8. 8. 10 Everything is designed. (maybe)
  9. 9. “Bruce Mau
 Founder, Massive Change Network Now that we can do anything, what will we do?
  10. 10. 12 What about experiences that remain undesigned?
  11. 11. 13 How far can we push the edge of design to help tackle social challenges?
  12. 12. 14 And what’s our responsibility when we work on these types of challenges?
  13. 13. Designing for Undesigned A story of our work with the Kigali Genocide Memorial.
  14. 14. KIGALI
 GENOCIDE
 MEMORIAL RWANDA
  15. 15. THE CHALLENGE How do we turn institutions that memorialize genocide into institutions that help end it?
  16. 16. 19
  17. 17. 20
  18. 18. 21
  19. 19. 23
  20. 20. 24
  21. 21. 25
  22. 22. 500+ hours primary and secondary research 40+ interviews with Aegis staff, locals, visitors, educators, counselors, experts and survivors
  23. 23. Pain Pain Pain Action? KGM Visitor Journey (2014)
  24. 24. Empathetic Feeling Compassionate Action BURNOUT RISK SHUTDOWN RISK Tania Singer Model: http://www.wired.co.uk/news/archive/2012-07/12/tania-singer-compassion-burnout Empathy Compassion Model
  25. 25. Pain Reflection Hope Action The New Journey Tania Singer Model: http://www.wired.co.uk/news/archive/2012-07/12/tania-singer-compassion-burnout
  26. 26. 35 INZOVU CURVE The Inzovu Curve is a model that maps specific designed activities to the emotional response of the individual experiencing them.
  27. 27. Motivation and ability to act ACTIONHOPE WILL EPIPHANY PAINPREPARATION EMPATHY COMPASSION HERO BURNOUT / SHUTDOWN REFLECTION Personal connection to the 
 experience of genocide
  28. 28. “The UX for Good visit has challenged our thinking and resulted in consensus that visitors leaving KGM must be empowered by their experience to go away and take action. Yves Kamuronsi
 Country Director, Aegis Trust , Rwanda Genocide Survivor
  29. 29. But, organizational change can be slow.
  30. 30. 39 NEW YORK
 
 CHICAGO AMSTERDAM RELEVANCE FLEXIBILITY INSPIRATION ACTIONABILITY INZOVU CURVE EVOLUTION
  31. 31. 40 New reception center They were now ready…
  32. 32. 41 Intro and Conclusion Videos
  33. 33. 42 Incorporation of stories of progress and positive values
  34. 34. 1,000,000+ visitors since 2004 How can we help strengthen the visitor experience AND the survivor experience? NEXT CHALLENGE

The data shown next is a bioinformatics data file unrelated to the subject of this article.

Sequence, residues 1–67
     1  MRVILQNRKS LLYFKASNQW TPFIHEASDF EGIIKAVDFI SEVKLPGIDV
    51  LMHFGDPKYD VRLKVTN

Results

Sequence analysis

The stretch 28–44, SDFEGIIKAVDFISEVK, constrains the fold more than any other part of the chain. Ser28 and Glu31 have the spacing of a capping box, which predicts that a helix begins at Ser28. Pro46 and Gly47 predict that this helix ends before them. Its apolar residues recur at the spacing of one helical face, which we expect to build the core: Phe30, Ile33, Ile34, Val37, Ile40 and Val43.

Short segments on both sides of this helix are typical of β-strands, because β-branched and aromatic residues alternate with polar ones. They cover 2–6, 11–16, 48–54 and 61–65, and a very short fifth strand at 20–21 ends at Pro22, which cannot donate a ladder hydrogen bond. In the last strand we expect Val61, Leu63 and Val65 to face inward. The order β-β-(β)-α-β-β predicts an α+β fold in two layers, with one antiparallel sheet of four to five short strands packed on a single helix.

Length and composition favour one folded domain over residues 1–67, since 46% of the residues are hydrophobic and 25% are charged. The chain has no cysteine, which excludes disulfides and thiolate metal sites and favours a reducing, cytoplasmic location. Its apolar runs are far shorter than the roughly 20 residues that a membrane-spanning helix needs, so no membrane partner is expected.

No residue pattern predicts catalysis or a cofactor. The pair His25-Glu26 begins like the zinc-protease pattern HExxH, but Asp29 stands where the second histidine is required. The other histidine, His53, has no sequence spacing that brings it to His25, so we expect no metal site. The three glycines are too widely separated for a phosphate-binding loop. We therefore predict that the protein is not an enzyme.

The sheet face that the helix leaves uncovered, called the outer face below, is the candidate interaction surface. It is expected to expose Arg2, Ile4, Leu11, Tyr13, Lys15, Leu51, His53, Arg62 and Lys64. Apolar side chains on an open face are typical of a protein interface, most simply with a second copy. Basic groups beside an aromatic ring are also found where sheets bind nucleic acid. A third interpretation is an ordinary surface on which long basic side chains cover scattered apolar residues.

35. 35. Workshops with Genocide Survivors, KGM Staff and Government Officials
  36. 36. KGM IS HOME.
  37. 37. “We also (now) need a quiet space for survivors to reflect and write messages.”
  38. 38. Website, Booking & Community And for the first time, capturing information about visitors to further engage in dialogue before and after their visit…
  39. 39. Sustainable Impact Insights from our work.
  40. 40. 5 INSIGHTS 1 CHECK FOR READY POSITION 2 BUILD BRIDGES 3 LOOK BOTH WAYS 4 LAYER THE EXPERIENCE 5 BE HUMAN-CENTERED
  41. 41. CHECK FOR READY POSITION Seek understanding for the organization’s ability to understand, integrate and sustain the design ideas. Not understanding it can either stall or halt progress. 1
  42. 42. BUILD BRIDGES Take the responsibility to bridge the language gap between design and the organization. Be the translator - great designers inherently possess those skills. 2
  43. 43. LOOK BOTH WAYS Look both inside and outside the organization and problem space with curiosity. Innovation isn’t always something new to the world, it only has to be new to a market or industry. 3
  44. 44. LAYER THE EXPERIENCE Take responsibility for designing for… the design of the product/service experience for its audience, the experience of the process for your stakeholders and the enjoyment of the challenge and project for the design team 4
  45. 45. BE HUMAN-CENTERED Fall in love with the problem. Personally care. Technology evolves fast. Make sure to put people first. Professionally and ethically care. 5
  46. 46. Freddy Mutanguha Regional Director, Aegis Trust, Rwanda Genocide Survivor
  47. 47. Thank you (dziękuję).
 uxforgood.org @uxforgood #uxforgood